How Remakes and Reboots will Destroy the Hollywood Studios

Show of hands: Who asked for Men in Black: International? Anyone?

Bueller… Bueller?

Show of hands: Who wanted to see The Lone Ranger?

Bueller? Bueller?

Charlie’s Angels?

Anybody? Anybody?

Solo: A Star Wars Story? Ghostbusters 3? Come on, people… really?

The dizzying number of remakes, reboots, and sequels are flying in and flying out of movie theaters at light speed, and it doesn’t take a genius to figure out that the cineplexes are in deep doo.

Someone who has anything resembling a spine needs to wake the studio executives from their carbonite slumber and let them know that continuing with Business, As Usual, is going to turn multiplexes into the cinematic equivalent of elephant graveyards.

Gone are the days of the three major networks (ABC, CBS, NBC) and movie theaters controlling the content being consumed in America and throughout the world. We’re seeing an alarming trend of kicking the cineplexes to the curb to keep our backsides at home and binge watch some of the most incredible, inventive shows ever imagined… shows that would have never seen the light of day back in the day.

I recently interviewed someone who works closely with the development arm of major studio and they told me that remakes, reboots, and sequels are the studio’s bread and butter and when they cross the line and try something original, the movie not only flops but flops badly.

Could it be that the studio execs are listening to the same creative heads that are addicted to worshipping at the throne of the Hollywood Regurgitron? (Hat tip to April Winchell.)

Producing a movie can be an extremely risky proposition from a financial point of view, and suggesting that someone greenlight a movie can be a career enhancer or a career destroyer. Who’s going to be cleaning out their desks the weekend after a film opens? Now that would be one hell of a reality show.

So, that’s why studios go with the tried and true, that is, until the tried and true turns blue in the face, gives up the ghost and dies.

Such was the case with the sequels no one asked for: Charlie’s Angels and Men in Black: International. The execs went to the well one too many times and a sea of red ink ensued.

(Note to Elizabeth Banks: You’re an incredible talent, but whoever gave you the advice to helm the Charlie’s Angels remake gave you really bad advice. You knew the history behind the franchise. The recent ABC reboot lasted less than a season. Being a good director requires you to do your homework. You signed on to a franchise with non-existent returns. That was your choice. It’s on you.)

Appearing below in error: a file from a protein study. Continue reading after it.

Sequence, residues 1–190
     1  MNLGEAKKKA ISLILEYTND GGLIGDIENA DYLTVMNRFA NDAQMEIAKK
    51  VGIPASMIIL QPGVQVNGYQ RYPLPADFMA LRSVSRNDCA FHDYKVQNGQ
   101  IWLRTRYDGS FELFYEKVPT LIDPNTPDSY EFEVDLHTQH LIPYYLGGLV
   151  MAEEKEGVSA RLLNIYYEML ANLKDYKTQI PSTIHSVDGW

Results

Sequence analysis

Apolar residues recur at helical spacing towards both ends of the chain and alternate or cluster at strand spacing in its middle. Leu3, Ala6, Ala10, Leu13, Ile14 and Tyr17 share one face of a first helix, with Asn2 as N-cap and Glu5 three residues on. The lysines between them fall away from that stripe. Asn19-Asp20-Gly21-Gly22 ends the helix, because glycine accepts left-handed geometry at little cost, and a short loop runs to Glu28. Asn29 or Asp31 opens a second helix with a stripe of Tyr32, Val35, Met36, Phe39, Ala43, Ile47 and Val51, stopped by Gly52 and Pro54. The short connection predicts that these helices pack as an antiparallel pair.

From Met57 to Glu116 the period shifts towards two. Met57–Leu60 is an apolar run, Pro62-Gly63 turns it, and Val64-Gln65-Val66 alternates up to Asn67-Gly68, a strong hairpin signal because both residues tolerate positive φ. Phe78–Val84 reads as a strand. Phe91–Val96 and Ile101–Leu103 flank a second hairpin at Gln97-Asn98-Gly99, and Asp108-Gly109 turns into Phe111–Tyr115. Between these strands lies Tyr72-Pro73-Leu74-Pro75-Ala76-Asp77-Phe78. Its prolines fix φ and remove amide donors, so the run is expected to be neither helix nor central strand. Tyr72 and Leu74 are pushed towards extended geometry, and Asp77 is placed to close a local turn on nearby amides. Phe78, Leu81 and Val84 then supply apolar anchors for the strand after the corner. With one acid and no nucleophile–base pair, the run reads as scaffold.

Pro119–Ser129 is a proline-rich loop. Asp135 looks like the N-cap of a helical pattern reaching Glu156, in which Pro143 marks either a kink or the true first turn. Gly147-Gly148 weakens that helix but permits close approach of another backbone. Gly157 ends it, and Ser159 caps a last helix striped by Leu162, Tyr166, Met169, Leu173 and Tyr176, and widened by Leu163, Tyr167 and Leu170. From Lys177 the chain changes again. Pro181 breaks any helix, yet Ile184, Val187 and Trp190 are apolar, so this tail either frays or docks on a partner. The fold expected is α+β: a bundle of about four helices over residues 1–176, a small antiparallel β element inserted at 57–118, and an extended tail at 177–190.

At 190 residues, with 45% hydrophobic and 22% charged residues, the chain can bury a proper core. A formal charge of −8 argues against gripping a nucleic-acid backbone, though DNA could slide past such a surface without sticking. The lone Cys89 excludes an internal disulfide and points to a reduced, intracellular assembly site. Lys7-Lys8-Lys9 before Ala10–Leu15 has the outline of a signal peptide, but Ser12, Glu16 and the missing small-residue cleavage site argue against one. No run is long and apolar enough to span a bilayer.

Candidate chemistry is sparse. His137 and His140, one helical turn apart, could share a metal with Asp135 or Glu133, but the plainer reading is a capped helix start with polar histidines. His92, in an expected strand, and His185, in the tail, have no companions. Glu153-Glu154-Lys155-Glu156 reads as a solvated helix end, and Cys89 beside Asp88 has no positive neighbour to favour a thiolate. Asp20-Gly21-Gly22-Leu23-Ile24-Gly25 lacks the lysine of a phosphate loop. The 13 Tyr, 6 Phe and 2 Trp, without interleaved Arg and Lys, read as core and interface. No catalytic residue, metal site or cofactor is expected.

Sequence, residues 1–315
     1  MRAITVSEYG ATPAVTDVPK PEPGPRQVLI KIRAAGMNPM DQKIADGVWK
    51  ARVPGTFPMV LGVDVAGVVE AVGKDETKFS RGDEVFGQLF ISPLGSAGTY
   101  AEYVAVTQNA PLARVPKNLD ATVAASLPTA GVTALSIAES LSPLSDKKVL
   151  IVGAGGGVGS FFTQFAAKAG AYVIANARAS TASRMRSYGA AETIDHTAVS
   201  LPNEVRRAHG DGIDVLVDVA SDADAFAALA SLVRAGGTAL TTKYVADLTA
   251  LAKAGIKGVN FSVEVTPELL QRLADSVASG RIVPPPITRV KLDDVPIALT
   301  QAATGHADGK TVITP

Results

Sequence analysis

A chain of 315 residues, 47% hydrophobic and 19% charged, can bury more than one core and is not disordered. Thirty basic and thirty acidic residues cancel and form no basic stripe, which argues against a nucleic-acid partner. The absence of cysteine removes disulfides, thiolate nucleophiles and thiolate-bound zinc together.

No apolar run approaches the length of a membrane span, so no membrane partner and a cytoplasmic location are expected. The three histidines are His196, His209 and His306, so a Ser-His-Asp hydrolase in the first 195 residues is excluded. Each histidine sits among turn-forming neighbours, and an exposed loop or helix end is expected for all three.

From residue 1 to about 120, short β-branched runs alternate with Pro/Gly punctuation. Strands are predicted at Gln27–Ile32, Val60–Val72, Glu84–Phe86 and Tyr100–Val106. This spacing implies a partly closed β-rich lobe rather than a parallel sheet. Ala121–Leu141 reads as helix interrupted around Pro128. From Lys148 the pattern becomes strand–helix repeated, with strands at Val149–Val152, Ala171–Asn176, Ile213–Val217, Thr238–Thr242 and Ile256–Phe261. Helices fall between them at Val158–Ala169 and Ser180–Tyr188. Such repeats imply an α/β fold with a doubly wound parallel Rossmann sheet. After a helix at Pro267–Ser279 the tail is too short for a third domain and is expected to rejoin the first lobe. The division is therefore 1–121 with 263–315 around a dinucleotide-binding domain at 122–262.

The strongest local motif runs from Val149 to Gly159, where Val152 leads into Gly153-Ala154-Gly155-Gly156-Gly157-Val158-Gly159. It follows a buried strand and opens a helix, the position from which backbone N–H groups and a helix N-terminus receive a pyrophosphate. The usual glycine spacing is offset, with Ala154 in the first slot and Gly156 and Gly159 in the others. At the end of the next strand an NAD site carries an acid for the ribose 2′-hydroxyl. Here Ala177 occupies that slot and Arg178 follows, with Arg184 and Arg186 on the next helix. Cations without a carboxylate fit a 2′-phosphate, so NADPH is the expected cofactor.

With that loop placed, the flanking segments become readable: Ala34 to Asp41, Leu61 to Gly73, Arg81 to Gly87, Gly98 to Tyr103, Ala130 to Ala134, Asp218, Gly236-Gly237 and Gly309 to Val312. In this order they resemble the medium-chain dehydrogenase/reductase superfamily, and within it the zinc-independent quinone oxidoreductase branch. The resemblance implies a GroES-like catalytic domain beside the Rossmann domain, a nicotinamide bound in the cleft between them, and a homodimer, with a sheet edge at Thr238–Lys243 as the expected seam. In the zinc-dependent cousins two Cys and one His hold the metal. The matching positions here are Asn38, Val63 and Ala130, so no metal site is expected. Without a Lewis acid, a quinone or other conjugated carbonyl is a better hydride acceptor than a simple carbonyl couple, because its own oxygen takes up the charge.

So how can we stop this cinematic death spiral?

A phrase has been kicked around as of late: it’s called being a Filmtrepreneur, which is the theme of a gritty, no-holds-barred indie filmmaking manifesto by Producer/Director Alex Ferrari, called The Rise of the Filmtrepreneur: How to Turn Your Independent Film into a Moneymaking Business.

In the book, Ferrari challenges DIY filmmakers to be honest about the stories they want to tell and find out if there’s an actual demand/audience!

This is Marketing 101, something that studios seem to skip in favor of trying to ram content down moviegoers throats. Execs seem to believe that throwing a ton of cash at a property will reap extraordinary results. John Carter of Mars, anybody?

Studios have no idea what their audiences want anymore, and they’re willing to spend hundreds of millions of dollars hoping that they’re right. This mindset should scare every shareholder into bailing from the studio pronto.

With the mind-numbing amount of content vying for the world’s attention, wouldn’t it make sense for the studios to change with the times and create content that the world really wants instead of second-guessing them or taking the Castor Oil approach? Is it any wonder why AMC is starting to lean on alternative programming to help keep the lights on? Football in a movie theater? C’mon, studios, you can do better.

I also interviewed someone who works in the financial arm of another studio and they told me flat out that it was a dark day at the studios when one of the aforementioned sequels came out.

It is my hope and prayer that the studios will change with the times before we get to the point where someone says in the last movie theater to turn the lights out after they leave.

The studios aren’t the only game in town anymore, and if they’re not careful, the Filmtrepeneurs of the world will eat their lunch.

Written by: Jim Henson



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